Profit in the “empire of consumption” is extracted not by producing products but by privatizing and pushing up the costs of the basic services we need to survive and allowing banks and hedge funds to impose punishing debt peonage on the public and gamble on tech, student debt and housing bubbles. The old ideology of the New Deal, of government orchestrating huge social engineering projects under the Public Works Administration or in the War on Poverty, was replaced by a new ideology to justify another form of predatory capitalism.

In Harvey’s book A Brief History of Neoliberalism he defines neoliberalism as “a project to achieve the restoration of class power” in the wake of the economic crisis of the 1970s and what the political scientist Samuel Huntington said was America’s “excess of democracy” in the 1960s and the 1970s. It achieved its aim.

Neoliberalism, Harvey wrote, is “a theory of political economic practices that proposes that human well-being can best be advanced by liberating individual entrepreneurial freedoms and skills within an institutional framework characterized by strong private property rights, free markets, and free trade.”

American oligarchs discredited the populist movements of the 1960s and 1970s that had played a vital role in forcing government to carry out programs for the common good and restricting corporate pillage. They demonized government, which as John Ralston Saul writes, “is the only organized mechanism that makes possible that level of shared disinterest known as the public good.” Suddenly-- as Margaret Thatcher and Ronald Reagan, two of the principal political proponents of neoliberalism, insisted-- government was the problem. The neoliberal propaganda campaign successfully indoctrinated large segments of the population to call for their own enslavement.

The ideology of neoliberalism never made sense. It was a con. No society can effectively govern itself by basing its decisions and policies on the dictates of the marketplace. The marketplace became God. Everything and everyone was sacrificed on its altar in the name of progress. Social inequality soared. Amid the destruction, the proponents of neoliberalism preached the arrival of a new Eden once we got through the pain and disruption. The ideology of neoliberalism was utopian, if we use the word “utopia” as Thomas More intended—the Greek words for “no” and “place.” “To live within ideology, with utopian expectations, is to live in no place, to live in limbo,” Saul writes in “The Unconscious Civilization.” “To live nowhere. To live in a void where the illusion of reality is usually created by highly sophisticated rational constructs.”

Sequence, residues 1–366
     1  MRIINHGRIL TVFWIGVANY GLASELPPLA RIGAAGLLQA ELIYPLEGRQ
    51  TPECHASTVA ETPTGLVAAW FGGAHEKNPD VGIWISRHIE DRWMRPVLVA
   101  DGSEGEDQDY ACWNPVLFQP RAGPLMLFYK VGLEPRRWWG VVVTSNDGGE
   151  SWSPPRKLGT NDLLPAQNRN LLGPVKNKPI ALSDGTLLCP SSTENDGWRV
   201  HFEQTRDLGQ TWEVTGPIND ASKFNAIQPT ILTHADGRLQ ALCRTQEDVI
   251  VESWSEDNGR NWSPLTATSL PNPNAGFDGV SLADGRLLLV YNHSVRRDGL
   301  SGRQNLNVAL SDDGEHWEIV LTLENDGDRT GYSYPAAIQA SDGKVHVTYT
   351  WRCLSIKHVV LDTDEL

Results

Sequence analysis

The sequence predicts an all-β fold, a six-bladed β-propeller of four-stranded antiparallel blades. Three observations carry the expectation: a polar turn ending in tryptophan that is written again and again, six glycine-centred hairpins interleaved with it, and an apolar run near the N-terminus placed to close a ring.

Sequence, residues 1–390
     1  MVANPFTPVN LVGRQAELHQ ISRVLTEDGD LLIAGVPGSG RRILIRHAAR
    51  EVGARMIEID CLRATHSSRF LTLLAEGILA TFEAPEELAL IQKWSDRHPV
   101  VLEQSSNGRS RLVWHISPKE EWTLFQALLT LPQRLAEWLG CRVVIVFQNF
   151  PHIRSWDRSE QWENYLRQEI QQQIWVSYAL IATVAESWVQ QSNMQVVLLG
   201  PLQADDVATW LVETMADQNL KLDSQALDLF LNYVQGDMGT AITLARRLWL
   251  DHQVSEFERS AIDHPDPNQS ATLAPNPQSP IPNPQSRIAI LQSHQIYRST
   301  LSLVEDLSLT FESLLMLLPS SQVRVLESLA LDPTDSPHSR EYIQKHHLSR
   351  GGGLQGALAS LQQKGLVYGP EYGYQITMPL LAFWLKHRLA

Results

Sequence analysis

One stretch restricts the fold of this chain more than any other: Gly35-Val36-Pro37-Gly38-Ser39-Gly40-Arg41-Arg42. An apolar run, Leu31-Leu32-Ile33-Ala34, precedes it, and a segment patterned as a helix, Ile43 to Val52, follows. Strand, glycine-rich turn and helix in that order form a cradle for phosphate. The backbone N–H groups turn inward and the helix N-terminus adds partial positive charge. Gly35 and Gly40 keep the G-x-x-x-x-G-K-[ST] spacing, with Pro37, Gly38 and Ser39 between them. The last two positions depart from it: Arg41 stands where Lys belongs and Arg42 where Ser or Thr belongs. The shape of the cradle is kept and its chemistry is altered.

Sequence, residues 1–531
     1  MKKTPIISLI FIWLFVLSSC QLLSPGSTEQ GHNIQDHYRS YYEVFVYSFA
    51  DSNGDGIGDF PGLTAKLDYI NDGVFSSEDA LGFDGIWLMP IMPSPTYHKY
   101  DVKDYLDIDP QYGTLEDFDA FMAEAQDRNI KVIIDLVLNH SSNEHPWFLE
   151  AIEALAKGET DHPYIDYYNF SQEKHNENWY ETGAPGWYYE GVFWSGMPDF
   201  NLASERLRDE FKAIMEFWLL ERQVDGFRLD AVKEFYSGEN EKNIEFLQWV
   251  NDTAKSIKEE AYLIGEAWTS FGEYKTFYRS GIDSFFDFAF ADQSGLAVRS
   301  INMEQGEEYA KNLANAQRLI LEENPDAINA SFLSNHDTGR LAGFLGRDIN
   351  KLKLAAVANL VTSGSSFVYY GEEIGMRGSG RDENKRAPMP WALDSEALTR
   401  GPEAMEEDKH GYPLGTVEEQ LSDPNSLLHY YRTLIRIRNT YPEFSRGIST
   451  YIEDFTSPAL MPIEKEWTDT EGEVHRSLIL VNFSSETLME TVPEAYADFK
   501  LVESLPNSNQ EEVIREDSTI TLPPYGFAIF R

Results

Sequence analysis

Corporations used their wealth and power to make this ideology the reigning doctrine. They established well-funded centers of propaganda such as The Heritage Foundation, took over university economic departments and amplified the voices of their courtiers in the media. Those who questioned the doctrine were cast out like medieval heretics, their careers blocked and their voices muted or silenced. The contradictions, lies and destruction within neoliberal ideology were ignored by those who dominated the national discourse, leading to mounting frustration and rage among a populace that had been abandoned and betrayed.

The propagandists for neoliberalism blamed the other-- Muslims, undocumented workers, African-Americans, gays, feminists, liberals, intellectuals and, of course, government-- for the downward spiral. Politicians who served the interests of the corporate oligarchs told dispossessed white workers their suffering was caused by the ascendancy of these marginalized groups and a cultural assault on their national identity and values, not corporate pillage. It was only a matter of time before this lie spawned the xenophobic, racist hate speech that dominates American political life and led to the rise of imbecilic and dangerous demagogues such as Donald Trump.

“Each of Globalization’s strengths has somehow turned out to have an opposing meaning,” Saul writes in The Collapse of Globalization and the Reinvention of the World. “The lowering of national residency requirements for corporations has morphed into a tool for massive tax evasion. The idea of a global economic system mysteriously made local poverty seem unreal, even normal. The decline of the middle class-- the very basis of democracy-- seemed to be just one of those things that happen, unfortunate but inevitable. That the working class and lower middle class, even parts of the middle class, could only survive with more than one job per person seemed to be the expected punishment for not keeping up. The contrast between unprecedented bonuses for mere managers at the top and the four-job family below them seemed inevitable in a globalized world. For two decades an elite consensus insisted that unsustainable third-world debts could not be put aside in a sort of bad debt reserve without betraying Globalism’s essential principles and moral obligations, which included unwavering respect for the sanctity of international contracts. It took the same people about two weeks to abandon sanctity and propose bad debt banks for their own far larger debts in 2009.”